Wednesday, March 30, 2011

Green Tea Toothpaste

Note:  I wrote this earlier this month, and have only gotten around to posting it today, as I figured I should post something for March …

Languages and accents were everywhere I went, naturally, one does not expect to travel through various countries and areas for almost four months without expecting this.  In the past few months, I have encountered all kinds of languages and accents.  All these languages did not really bother me, as I was already a foreigner in my own country as a Deaf person – only a small percentage of people spoke my language, ASL. 

I knew about accents.  I knew how they applied to ASL and KSL – if someone signed a sign a certain way, you could tell which region they grew up in, or which school they went.  I have read books with English accents in the dialogue, others with Scotland Highlanders saying, “Dinna ye know ye ken go?”  I understood, in theory, why people have a hard time understanding English in foreign countries, partly because of the slight combination of the country’s language and English, along with how letters are voiced out.  That understanding went from ‘in theory’ to reality, as pen and paper was my mode of communication with the various people I encountered.

“Eny Cestions?” a guide in Egypt wrote, bless her heart, and it took me a few seconds to figure out what she was trying to ask as our tour ended.  I didn’t have any questions for her, but I realized that I had the good fortune to have it written down so I could take some time to figure out what she was trying to say, rather than only hearing it once and having it lost in the wind.  In the middle of the tour, she wrote “Tiebs driver” and for the rest of the time, I thought that was the name of the driver, until she made the universal sign for money, and I smacked my forehead and fumbled for some money.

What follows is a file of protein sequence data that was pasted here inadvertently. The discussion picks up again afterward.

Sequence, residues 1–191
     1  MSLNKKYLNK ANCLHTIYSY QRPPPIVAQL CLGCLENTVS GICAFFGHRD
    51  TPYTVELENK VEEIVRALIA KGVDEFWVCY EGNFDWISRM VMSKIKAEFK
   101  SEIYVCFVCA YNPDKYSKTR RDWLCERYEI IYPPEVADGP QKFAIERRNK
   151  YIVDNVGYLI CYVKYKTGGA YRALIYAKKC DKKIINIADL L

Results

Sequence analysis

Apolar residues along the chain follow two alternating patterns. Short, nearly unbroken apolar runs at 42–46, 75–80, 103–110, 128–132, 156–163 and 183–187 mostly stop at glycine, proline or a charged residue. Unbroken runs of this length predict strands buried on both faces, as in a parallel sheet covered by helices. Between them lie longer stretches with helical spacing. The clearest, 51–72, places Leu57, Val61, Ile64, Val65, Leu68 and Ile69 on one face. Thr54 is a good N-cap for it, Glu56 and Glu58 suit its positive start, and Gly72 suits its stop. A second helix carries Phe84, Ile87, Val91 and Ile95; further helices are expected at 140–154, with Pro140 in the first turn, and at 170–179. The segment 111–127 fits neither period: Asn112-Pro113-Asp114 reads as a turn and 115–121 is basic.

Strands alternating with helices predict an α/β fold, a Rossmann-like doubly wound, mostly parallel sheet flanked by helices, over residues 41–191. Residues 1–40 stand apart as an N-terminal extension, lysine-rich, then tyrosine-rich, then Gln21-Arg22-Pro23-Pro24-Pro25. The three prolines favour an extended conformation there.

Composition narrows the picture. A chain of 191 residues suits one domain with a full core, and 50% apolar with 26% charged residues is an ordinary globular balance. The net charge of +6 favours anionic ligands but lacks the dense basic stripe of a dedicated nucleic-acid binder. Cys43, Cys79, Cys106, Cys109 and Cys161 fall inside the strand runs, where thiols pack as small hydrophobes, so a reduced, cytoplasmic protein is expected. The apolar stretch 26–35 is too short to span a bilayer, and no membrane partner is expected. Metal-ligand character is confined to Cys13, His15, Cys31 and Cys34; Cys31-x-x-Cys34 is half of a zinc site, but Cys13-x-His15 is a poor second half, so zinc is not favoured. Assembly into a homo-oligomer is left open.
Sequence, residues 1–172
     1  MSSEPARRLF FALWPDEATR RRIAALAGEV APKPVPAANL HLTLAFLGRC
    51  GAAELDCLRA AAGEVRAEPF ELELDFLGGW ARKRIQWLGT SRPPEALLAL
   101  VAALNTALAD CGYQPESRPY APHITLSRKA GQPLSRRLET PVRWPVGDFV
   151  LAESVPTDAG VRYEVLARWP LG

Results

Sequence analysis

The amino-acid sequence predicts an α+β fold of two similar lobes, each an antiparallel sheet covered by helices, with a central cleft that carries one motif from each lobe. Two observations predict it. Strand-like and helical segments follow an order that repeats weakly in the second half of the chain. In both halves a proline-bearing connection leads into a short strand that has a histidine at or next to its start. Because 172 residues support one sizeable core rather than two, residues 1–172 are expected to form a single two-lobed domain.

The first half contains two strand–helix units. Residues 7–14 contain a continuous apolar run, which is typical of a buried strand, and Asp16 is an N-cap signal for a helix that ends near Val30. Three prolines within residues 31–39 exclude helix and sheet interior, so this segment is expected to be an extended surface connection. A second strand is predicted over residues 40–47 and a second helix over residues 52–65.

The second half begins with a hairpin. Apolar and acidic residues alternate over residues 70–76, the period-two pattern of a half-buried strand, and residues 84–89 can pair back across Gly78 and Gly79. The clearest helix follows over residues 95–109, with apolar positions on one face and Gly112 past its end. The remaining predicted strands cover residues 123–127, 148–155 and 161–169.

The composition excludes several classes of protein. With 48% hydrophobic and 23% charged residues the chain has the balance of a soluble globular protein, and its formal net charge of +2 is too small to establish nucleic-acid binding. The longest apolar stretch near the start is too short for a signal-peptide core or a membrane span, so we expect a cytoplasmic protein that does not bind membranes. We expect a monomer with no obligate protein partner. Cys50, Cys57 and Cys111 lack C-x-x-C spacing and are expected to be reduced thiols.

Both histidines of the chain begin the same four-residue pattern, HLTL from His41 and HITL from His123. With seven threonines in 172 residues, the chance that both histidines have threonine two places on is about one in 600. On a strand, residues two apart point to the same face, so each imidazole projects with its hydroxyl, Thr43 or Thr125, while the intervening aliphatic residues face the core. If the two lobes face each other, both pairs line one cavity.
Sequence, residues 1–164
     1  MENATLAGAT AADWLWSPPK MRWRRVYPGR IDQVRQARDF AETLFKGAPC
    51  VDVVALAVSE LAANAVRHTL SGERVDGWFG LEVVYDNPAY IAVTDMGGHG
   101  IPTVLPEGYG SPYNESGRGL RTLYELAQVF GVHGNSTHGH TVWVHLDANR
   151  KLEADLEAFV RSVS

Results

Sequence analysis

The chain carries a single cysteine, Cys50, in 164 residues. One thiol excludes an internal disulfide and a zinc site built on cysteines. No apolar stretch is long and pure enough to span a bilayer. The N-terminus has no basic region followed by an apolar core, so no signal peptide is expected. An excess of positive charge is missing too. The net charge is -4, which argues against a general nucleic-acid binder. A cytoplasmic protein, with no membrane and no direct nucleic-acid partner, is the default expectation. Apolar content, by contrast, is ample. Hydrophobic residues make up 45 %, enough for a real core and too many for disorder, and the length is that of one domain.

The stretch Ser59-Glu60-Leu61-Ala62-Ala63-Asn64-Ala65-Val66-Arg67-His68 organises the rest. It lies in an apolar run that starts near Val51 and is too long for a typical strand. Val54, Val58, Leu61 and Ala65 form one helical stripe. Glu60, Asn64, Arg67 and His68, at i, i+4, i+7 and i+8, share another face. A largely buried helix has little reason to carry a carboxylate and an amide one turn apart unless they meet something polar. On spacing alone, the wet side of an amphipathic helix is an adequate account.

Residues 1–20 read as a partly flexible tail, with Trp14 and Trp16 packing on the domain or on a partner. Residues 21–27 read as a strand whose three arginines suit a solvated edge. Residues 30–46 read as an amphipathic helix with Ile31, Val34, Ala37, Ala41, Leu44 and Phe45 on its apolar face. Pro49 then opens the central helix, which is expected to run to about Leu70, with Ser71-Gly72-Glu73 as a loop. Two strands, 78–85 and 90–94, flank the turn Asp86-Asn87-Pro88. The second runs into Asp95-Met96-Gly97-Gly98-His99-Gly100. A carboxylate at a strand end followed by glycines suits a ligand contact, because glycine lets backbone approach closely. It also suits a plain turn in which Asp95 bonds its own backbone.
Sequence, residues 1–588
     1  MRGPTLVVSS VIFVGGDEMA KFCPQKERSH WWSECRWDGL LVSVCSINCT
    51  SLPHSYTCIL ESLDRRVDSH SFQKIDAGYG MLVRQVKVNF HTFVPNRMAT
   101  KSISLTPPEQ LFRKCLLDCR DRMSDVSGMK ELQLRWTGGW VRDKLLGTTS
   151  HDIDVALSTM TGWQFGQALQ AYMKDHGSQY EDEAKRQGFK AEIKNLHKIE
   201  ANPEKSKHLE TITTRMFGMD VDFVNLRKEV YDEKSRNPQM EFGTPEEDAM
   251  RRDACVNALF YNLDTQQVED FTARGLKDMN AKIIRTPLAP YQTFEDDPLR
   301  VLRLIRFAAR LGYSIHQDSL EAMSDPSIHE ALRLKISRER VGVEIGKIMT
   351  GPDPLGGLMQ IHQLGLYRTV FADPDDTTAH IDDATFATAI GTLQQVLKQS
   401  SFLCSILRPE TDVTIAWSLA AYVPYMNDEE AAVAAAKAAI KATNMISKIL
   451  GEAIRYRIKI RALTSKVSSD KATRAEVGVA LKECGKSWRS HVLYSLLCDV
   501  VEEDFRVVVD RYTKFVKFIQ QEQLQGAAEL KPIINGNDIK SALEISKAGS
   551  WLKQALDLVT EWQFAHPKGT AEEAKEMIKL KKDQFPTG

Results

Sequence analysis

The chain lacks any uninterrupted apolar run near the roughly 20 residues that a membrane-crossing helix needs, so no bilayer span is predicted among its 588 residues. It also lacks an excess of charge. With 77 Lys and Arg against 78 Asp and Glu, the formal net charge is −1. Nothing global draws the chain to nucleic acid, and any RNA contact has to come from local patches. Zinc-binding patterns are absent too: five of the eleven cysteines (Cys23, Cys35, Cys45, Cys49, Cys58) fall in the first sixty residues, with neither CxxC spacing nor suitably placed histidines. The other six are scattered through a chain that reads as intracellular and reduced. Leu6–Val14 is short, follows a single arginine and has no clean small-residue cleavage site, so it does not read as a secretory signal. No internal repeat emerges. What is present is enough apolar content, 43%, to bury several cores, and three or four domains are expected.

Just when I thought I had gotten used to using “chemist” instead of the pharmacy throughout the two years in Kenya, I ended up in countries that uses the word pharmacy, alternating with other countries that uses the term chemist ... I have taken to using both words whether I need cough drops or rabies shots.

In Kenya, tuk-tuks were the motorcycle taxis, with a bench and a roof on the back of the motorcycle, in India, it became an auto rickshaw, back to being a tuk-tuk in Thailand, but only this time it is with a lounge chair style of bench and painted various sparkly colours, and finally they are tricycles in the Philippines – motorcycles with a little sidecar attached.

Now, I’m sure you’re a little confused about what all this have to do with the title of this blog post – well, here it is! I ran out of toothpaste in Viet Nam, and went to a small shop (a duka in Kenya, a bodega in New York City), and picked up a familiar brand’s logo, along with the familiar green colour, thinking I had picked up mint toothpaste, which I have used practically since I was a kid.  You can imagine my surprise when I tasted something akin to green tea when I brushed with that toothpaste for the first time. 

I googled the translation of the Vietnamese words on the tube, and, yes, it was green tea flavored.   


This blog consists of my personal thoughts and opinions. It does not in any way reflect the position of the United States Government or the Peace Corps.